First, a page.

Wednesday, November 4, 2009

CradlePoint CTR350 router (cellular data router) Review

I was shopping for a router that would accept my USB data modem and I came across a company called CradlePoint. I found a Canadian retailer that sold a few of the CradlePoint models and I opted to get the CTR350 model based solely on the price and the size.

I've been using the CradlePoint CTR350 for a few months now and I find that it works very well with my USB data modem (Novatel Wireless MC950D).

The CradlePoint CTR350 router has the standard configurations that most wireless routers have. It also has a few configurations specific to cellphone carriers as well as some configurations that aren't part of most router configurations that I've seen.  In addition, there is an ethernet port on the router that can either be used for fail-over (internet backup) purposes or it can be used as an internet connection for a device that doesn't have wifi capabilities. One of the features that it has which is not cellular specific is it has the ability to scan the wifi channels in the area and use the wifi channel that will offer the least amount of interference. For example, if a nearby router is broadcasting/transmitting using channel 6, the CradlePoint CTR350 router can be configured so that it automatically won't pick the same channel of nearby routers. Using software, I've tested this and it does do this.

In terms of the signal strength, I find it to be quite good and generally I'm within a few meters of the router when I'm accessing it. According to the specifications, the router's range is approximately 200 feet. The router has the standard security settings and supports 64/128-bit WEP, WPA/WPA2 and WPA-PSK/WPA2-PSK Encryption Protocols.

I find the cellular router to be very good. It allows me to use my carrier's data network on my various wifi devices. I'm also not limited to using only 1 connection with my cellular carrier's data network (which was a limitation with the USB cellular data modem). I've tested it with my WiFi Skypephone as well as my PDA and I've connected a few items to it at the same time. According to the specifications for this model, this cellular data router is capable of connecting up to 16 devices to the internet at the same time.

The company also updates their firmware on a regular basis, fixing bugs, adding features, and adding support for more cellular data devices.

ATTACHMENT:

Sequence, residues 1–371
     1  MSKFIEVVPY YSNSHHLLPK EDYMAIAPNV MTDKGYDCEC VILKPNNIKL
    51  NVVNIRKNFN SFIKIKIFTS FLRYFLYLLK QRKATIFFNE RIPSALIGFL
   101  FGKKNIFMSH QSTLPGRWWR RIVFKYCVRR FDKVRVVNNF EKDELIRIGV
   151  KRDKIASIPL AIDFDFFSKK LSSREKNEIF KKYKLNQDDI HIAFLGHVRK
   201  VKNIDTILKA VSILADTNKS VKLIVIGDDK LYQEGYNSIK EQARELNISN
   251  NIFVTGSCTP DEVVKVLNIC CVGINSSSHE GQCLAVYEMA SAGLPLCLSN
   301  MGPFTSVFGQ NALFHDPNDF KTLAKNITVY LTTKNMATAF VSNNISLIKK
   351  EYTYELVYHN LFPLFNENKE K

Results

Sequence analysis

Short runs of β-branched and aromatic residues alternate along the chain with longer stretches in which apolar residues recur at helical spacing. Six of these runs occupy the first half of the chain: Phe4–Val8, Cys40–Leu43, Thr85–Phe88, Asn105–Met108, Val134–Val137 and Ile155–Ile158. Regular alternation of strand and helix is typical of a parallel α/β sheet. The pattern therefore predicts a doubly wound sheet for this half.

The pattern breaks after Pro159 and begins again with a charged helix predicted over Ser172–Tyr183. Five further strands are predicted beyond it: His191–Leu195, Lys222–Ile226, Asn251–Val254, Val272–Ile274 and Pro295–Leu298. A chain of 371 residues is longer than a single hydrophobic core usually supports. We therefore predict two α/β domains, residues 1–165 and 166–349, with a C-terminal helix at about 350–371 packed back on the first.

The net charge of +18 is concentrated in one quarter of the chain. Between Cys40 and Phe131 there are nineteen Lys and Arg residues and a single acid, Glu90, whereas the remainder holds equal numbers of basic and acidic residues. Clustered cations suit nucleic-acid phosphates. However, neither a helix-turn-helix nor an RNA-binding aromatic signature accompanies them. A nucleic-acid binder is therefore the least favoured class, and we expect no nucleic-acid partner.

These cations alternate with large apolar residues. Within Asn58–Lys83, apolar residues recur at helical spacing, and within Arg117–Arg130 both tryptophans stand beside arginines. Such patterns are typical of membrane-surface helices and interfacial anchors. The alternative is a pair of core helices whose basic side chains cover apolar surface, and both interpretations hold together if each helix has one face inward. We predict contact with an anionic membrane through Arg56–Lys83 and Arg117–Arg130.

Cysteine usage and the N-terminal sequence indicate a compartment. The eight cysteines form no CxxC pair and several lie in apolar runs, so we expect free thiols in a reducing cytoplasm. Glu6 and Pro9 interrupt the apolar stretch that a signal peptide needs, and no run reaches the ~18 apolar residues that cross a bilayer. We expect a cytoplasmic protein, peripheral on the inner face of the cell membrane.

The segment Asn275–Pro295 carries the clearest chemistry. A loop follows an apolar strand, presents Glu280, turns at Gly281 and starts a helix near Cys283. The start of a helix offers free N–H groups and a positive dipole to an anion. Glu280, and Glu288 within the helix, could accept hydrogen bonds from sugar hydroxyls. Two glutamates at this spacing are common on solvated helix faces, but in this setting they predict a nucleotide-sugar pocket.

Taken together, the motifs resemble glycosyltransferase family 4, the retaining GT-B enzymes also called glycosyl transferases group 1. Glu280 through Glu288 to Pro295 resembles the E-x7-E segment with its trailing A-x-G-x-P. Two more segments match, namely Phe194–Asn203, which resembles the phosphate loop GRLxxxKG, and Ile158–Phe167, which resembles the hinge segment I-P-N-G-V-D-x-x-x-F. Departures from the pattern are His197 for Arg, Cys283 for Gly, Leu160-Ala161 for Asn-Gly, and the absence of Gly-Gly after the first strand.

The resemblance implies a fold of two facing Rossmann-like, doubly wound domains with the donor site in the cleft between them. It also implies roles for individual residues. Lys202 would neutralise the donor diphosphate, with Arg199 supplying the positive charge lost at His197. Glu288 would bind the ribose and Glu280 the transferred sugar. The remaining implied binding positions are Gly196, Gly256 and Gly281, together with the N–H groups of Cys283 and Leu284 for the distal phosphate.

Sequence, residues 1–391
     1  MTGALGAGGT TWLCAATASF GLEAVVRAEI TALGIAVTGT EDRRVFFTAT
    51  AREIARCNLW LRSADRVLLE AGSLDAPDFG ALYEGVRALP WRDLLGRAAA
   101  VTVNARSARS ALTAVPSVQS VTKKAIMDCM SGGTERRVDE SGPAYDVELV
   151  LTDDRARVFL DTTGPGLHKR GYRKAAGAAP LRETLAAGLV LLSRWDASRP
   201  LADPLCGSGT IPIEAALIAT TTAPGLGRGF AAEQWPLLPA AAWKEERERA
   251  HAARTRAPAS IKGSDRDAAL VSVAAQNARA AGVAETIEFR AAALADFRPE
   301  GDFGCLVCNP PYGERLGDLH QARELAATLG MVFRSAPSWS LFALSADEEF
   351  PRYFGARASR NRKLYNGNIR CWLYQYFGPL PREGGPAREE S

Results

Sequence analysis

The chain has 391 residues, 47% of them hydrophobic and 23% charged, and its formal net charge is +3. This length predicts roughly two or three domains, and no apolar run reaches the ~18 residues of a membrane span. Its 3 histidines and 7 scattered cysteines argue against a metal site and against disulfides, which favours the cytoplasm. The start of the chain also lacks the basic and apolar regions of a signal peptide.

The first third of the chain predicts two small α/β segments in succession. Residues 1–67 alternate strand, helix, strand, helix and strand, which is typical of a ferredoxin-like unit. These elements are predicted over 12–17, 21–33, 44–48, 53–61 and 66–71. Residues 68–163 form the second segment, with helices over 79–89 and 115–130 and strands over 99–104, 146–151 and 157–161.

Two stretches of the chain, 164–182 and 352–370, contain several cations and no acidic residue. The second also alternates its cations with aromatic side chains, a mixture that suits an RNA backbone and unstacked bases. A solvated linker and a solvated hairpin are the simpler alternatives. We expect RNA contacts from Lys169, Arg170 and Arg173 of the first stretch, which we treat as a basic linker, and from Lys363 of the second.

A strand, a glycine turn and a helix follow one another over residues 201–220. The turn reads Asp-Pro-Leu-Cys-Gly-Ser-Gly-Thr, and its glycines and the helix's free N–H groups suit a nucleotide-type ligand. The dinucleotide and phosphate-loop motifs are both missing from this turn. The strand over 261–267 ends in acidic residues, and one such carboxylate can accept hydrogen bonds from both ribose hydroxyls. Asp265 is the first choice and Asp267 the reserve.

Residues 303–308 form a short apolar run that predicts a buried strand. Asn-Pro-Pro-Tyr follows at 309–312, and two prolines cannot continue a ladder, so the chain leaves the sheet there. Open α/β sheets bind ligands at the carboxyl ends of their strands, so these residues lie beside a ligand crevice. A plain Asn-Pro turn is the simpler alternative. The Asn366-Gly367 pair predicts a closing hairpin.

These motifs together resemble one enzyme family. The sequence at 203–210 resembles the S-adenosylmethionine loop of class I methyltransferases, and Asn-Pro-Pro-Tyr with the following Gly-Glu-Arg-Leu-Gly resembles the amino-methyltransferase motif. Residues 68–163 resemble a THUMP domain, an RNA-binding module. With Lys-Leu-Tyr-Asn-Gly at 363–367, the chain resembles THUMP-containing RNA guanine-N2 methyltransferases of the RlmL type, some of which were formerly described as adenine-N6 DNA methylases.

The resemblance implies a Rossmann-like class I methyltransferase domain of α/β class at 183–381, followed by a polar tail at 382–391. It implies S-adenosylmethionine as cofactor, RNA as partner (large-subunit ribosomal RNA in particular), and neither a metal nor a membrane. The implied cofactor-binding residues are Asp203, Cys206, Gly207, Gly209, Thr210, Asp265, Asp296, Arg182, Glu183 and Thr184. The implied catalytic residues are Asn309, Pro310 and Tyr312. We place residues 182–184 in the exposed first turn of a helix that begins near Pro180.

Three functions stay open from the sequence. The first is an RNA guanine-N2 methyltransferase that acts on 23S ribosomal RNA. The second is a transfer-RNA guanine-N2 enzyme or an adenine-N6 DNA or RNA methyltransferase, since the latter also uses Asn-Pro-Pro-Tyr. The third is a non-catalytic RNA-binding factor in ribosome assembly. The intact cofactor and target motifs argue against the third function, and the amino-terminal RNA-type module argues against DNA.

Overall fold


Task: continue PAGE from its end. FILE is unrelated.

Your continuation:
Some of the things that I like about this cellular data router:
1) It is small.
2) It is easy to configure (or as easy to configure as a regular wireless/wifi router).
3) It is able to change the wireless channel automatically when it powers on.
4) It can be configured to automatically enter your SIM or your device's security PIN.
5) Has some nice (non cellular carrier) features not available/found in regular consumer routers from D-Link, Linksys, etc.

The only thing that I find missing/lacking from this device is it should either be USB powered (which probably isn't doable since the unit requires more than the 5V that can be supplied via USB) or be battery powered (rechargeable). It requires AC power which limits its portability since if for example, I wanted to use it, I would have to make sure that I was able to plug it into an AC outlet which depending on the location is sometimes impossible/difficult. Actually, Cradlepoint does have a portable cellular data router that is battery powered (rechargeable but unfortunately I couldn't find it at any reliable Canadian online retailers which is one of the reasons why I opted to purchase this model.

One other thing about this router is that the range is limited compared to all the home routers that I have used. This router for example would probably not work between floors unless the person accessing it was directly above/below the router's physical location (and obviously depending on the material of the ceiling/floor). The limited range is probably to be expected given the small size and the lack of external WiFi antennas. I would say that the range is better than what you can get with turning on the "personal WiFi hotspot" on some more recent cellphones but by no means does it compare to what you can get with a regular home wireless router with antenna. You can probably extend the range by connecting an external router to the available ethernet port and then configuring that external router as an access point but I did not try this.

If you have any questions/comments regarding this blog entry, please don't hesitate to leave a comment in the comments section. 

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